By: Ike Ononogbu, Managing Partner, InforData Consulting
Published: 9th November 2010
Copyright InforData Consulting © 2010
In the recent past the topic has been broached in all
data-related events: SAP TechEd 2010 in Berlin and Las Vegas,
Informatica World 2010 in Washington DC, Data Management 2010 in
London. And this trend is likely to continue. Organisers just
can't get enough of it, and rightly so.
Picture this typical scenario.
An insight into the business has exposed a worrying picture. Core
business entities—Master Data—reside in many applications
resulting in multiple representations of events. On the backdrop
of this, an IT-driven business strategy has been drawn up. Now,
how will this strategy be implemented?
Step in Master Data Management (MDM). The primary reason businesses look towards MDM solutions in their bid to solve this issue is because it offers one "single version of the truth" for Master Data which includes: Customer, Vendor, Product and Employee. Furthermore, centralising core business entities ensures data can be viewed and used company-wide and, more importantly, decisions are made based on the same data set. In effect, MDM allows for accurate reporting, operational efficiency and effective decision making.
To have a reliable MDM capability, three vital processes ought to be implemented: Data Profiling, Data Integration and Data Quality. These steps are aptly referred to as 'The Pillars of Master Data Management'.
This process involves statistically examining data available in existing data sources. By profiling your source data your business can have a better understanding of data patterns and formats. This understanding will pave the way for smooth data integration.
In a lot of companies, data is stored in different formats and places. Maintaining similar data in different locations gives rise to different business units interpreting data, though similar in requirement, differently. To achieve your goal you have to amalgamate data coming from these disparate sources into a single repository.
For data in MDM to serve its purpose, it has to be consistent, accurate and valid. To achieve this, data has to be cleansed and validated. In effect, Data Quality ensures data stored reflects the true nature of the business.
It is worth pointing out that all phases are equally important, though the amount of work, time and resources invested may vary from phase to phase, and no one process should be underestimated.
In the final analysis, for MDM to be successful, like any well executed business strategy, IT has to be an integral part of business. The seamless fusion of IT and Business will maximise the value, in business terms, of the company.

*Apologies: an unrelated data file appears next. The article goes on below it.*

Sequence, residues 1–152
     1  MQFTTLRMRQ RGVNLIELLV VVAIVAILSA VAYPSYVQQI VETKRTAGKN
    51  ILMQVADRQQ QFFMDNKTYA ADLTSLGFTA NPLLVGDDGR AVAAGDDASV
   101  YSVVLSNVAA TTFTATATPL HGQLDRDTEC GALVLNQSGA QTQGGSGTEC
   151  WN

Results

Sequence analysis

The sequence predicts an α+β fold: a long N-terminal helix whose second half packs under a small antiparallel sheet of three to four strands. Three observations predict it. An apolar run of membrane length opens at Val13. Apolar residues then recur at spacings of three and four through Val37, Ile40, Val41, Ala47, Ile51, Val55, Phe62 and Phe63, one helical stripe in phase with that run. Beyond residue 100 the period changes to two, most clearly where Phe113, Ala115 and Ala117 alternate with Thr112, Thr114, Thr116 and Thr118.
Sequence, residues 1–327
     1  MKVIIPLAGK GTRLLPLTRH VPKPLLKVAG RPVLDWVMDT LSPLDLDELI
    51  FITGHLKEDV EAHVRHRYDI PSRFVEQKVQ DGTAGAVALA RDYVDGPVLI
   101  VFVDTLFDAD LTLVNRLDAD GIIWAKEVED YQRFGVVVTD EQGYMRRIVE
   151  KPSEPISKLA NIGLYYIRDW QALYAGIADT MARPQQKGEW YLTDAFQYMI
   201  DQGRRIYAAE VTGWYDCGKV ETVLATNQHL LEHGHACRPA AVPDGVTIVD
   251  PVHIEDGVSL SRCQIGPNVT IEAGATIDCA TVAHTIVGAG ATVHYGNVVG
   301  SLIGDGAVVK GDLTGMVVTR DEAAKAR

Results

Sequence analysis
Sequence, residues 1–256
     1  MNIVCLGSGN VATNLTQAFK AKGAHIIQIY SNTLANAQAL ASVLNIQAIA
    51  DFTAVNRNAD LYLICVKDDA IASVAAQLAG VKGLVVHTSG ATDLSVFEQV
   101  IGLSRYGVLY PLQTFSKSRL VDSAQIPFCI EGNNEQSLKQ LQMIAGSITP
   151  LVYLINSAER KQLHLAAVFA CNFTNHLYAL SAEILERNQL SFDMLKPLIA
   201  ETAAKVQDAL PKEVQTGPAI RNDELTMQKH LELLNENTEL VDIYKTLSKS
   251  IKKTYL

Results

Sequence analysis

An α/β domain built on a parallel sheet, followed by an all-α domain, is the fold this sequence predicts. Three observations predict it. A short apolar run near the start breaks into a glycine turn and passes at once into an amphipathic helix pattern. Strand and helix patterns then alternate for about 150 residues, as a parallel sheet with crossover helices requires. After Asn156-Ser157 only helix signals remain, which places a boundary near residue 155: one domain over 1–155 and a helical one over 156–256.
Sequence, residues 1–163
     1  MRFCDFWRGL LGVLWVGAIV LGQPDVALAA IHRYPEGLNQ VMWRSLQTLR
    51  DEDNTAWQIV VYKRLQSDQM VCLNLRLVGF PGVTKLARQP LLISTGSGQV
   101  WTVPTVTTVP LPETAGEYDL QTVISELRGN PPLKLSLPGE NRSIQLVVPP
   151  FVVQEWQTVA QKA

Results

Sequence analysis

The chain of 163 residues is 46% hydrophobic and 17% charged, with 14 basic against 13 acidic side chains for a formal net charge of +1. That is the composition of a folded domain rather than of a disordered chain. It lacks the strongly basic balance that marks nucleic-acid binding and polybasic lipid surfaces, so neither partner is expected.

Posted: 9th November 2010 | By Ed Wrazen :
One of the fundamental building blocks to MDM is really understanding the business processes and the detailed activities that interact with data. What process creates the data? What processes use/update that data? What rules are inherent? Which process utilises which rules? What exception handling is performed when a rule is violated..and so on. This gives a foundation for planning and implementing the appropriate solution. Data Profiling is far more than just determining patterns and formats for data integration. This is really the basic. Data profiling should be a collaborative process conducted with business teams, information analysts, data stewards to provide the contextual understanding of the data with the business process. This will give much deeper undersatanding of business rules, data gaps, remediation processes, standardization, matching and linking of master data attributes and a raft of other considerations. Without Business and IT working together, MDM will never realize the benefits and is more likely to fail.
Posted: 11th November 2010 | By Andy Hayler :
I would add that data governance is a key "pillar" to master data management. Without the business ownership of data,and the processes in place to resolve disputes about the definitions and structure of master data, and MDM initiative will struggle. In my experience it is importance that such programs are business-led, or at the least jointly led by business and IT. IT departments alone cannot successfully push through the business changes needed for a successful MDM program.
Posted: 11th November 2010 | By Ravi Shankar :
These requirements are spot-on as you might have heard at Informatica World. The fundamental technology requirements for a successful MDM implementation are data integration and data quality. In the order you suggested, we recommend to our customers that they first perform a data value assessment by profiling the data. The power of data integration is being able to access any data, in any format, and in any latency. Last point - data quality should be integrated, not bolted on, within the MDM lifecycle. For an MDM project success (not just tech requirements), data governance is key as Andy Hayler points out.
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